For many undergraduate students, there’s a lot of time spent deciding on their major and juggling extracurricular activities alongside of classwork. Caleb Michael went through this same experience, but his focus on strategically achieving his dreams and the significant insight he gained through the process is what sets him apart from the rest. Read more below to hear Calebs’ reflections on his undergraduate and graduate school experiences as a Public Relations student as well as his outlook on the current Black Lives Matter Movement.

Tell us a little bit about yourself. How you chose your undergraduate and graduate major, what you’re currently working on, etc.:

"My name is Caleb Michael and I’m a graduate student at the University of Southern California pursuing a degree in Strategic Public Relations. So a little bit of my background. I went to Oregon State University for undergrad where I majored in Speech Communication with a Spanish minor. I was also a Division I student athlete on the men’s soccer team. It’s funny because I came into undergrad as a political science major and I just knew that I wanted to go into law. Then I took one PS class and knew it wasn’t for me. That same term, I was in a COMM class with Professor Bushnell (shoutout her for inspiring me) and the first day in class, she told me I had a great voice and that I should pursue communications. The rest is history.

For grad school, I knew that I wanted to stay in the communications field but I wasn’t sure what. I didn’t want to do journalism because I don’t like writing that much. One day, I stumbled upon USC’s program and I liked what they had to say. Plus, I knew that when I got to USC, I wanted to do journalism work on the side. So, my plan was to build on my undergrad knowledge of communications, get my degree in PR, and then do practical journalism in the field on the side. It’s like the holy trifecta in the media world and by having an understanding of all three, I can make myself that much more marketable. This is hands down one of the best decisions I’ve ever made."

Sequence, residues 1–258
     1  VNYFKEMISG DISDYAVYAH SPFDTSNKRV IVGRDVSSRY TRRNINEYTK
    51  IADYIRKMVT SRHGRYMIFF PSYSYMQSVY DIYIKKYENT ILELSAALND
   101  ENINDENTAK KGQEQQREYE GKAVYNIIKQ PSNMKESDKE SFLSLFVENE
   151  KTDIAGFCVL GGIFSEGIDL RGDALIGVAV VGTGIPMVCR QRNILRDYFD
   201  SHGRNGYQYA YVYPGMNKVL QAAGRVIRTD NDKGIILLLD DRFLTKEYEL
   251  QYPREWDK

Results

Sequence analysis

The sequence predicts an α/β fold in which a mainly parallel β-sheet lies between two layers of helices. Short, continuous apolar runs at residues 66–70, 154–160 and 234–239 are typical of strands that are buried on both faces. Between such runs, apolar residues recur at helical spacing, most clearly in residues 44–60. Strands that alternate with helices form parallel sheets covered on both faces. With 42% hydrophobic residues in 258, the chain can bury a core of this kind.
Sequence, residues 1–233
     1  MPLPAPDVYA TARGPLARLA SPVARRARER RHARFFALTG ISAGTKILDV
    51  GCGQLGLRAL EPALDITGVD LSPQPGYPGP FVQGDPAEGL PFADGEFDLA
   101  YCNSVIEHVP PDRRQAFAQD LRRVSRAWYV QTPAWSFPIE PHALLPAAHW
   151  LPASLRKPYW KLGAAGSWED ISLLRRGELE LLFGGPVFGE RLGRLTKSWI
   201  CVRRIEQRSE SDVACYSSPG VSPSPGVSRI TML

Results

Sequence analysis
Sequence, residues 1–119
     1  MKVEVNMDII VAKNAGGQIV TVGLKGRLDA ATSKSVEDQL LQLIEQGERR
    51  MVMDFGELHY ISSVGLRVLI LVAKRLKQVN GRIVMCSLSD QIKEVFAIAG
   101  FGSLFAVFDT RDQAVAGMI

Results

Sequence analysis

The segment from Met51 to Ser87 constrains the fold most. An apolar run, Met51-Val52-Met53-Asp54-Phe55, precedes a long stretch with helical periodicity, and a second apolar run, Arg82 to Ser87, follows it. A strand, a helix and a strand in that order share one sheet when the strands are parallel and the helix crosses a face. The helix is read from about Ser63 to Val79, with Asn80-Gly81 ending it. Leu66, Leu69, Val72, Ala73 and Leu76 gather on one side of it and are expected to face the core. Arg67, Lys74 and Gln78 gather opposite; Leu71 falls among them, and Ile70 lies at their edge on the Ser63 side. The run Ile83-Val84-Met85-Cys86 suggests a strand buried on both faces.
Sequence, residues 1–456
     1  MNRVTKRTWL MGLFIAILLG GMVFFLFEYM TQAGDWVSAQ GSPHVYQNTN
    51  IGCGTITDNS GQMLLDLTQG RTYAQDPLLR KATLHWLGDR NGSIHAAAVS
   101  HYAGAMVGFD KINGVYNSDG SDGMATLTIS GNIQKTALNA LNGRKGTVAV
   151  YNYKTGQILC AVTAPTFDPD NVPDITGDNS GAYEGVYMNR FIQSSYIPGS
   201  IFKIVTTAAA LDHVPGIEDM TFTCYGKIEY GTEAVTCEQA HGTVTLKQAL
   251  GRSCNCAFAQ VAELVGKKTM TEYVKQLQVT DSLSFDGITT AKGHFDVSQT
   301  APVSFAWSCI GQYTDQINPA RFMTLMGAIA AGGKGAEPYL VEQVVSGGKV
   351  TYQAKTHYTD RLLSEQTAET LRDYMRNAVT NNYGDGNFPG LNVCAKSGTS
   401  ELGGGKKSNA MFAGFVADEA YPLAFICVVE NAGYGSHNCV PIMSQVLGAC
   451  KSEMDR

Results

With the current events surrounding the Black Lives Matter movement, we asked Caleb to share his thoughts on the important topic:

“Everybody wanna be n****, but nobody wanna be a n**** when it’s time to be a n****.” I remember when I first asked my boy Darius to get me this hoodie. This was in 2018. Now, this statement rings true more than ever. Everybody wants to be down with Black culture and take what we have, but when push comes to shove, they go silent. The last week has been filled with so many emotions, and I felt numb at first. It’s the same story, just a different day. Being Black in America is something you’ll never understand if you don’t live it. Being stared at, profiled, and fetishized is commonplace. Not to mention the fact that law enforcement sees us as such a threat that they must resort to extreme violence. The MURDER has to stop. I urge everyone who calls themself an ally to take a long look in the mirror and ask yourself how you personally can bring about change. An unproblematic person is one who says the right things at the right time, but doesn’t ever act on their words. It’s more than just a repost and a retweet. Black bodies are at stake. Rest In Peace to all the Black angels who fell victim to the unjust RACISM in this country. America, do better. #blacklivesmatter✊🏾

What did you learn/participate in during your time as an undergraduate that prepared you for graduate school and knowing what you want to do?

"This is a great question. At OSU, I participated in a lot of things outside of just soccer. I had a radio show with one of my good friends at Orange Media Network, I did a podcast called, “Unfiltered”, worked in the Black cultural center for a year, started a diversity initiative called, “Real Talk”, and I worked for Red Bull for a year as the OSU rep. I also helped bring back my fraternity (Kappa Alpha Psi Fraternity, Inc.) chapter and balanced a social life in the midst of it all. It’s a lot I know. But I did all of these things not because I had to, but because I love being involved. I like taking ideas and growing them in addition to helping people out when I can. So when I was looking at plans post grad, I actually had accepted a job offer with Red Bull to work full time while my USC application was being processed. I just wanted to have options coming out of college and once I got into USC, it just felt right in my heart. So the short answer to that question is that all of my experiences led me to want to get my master’s."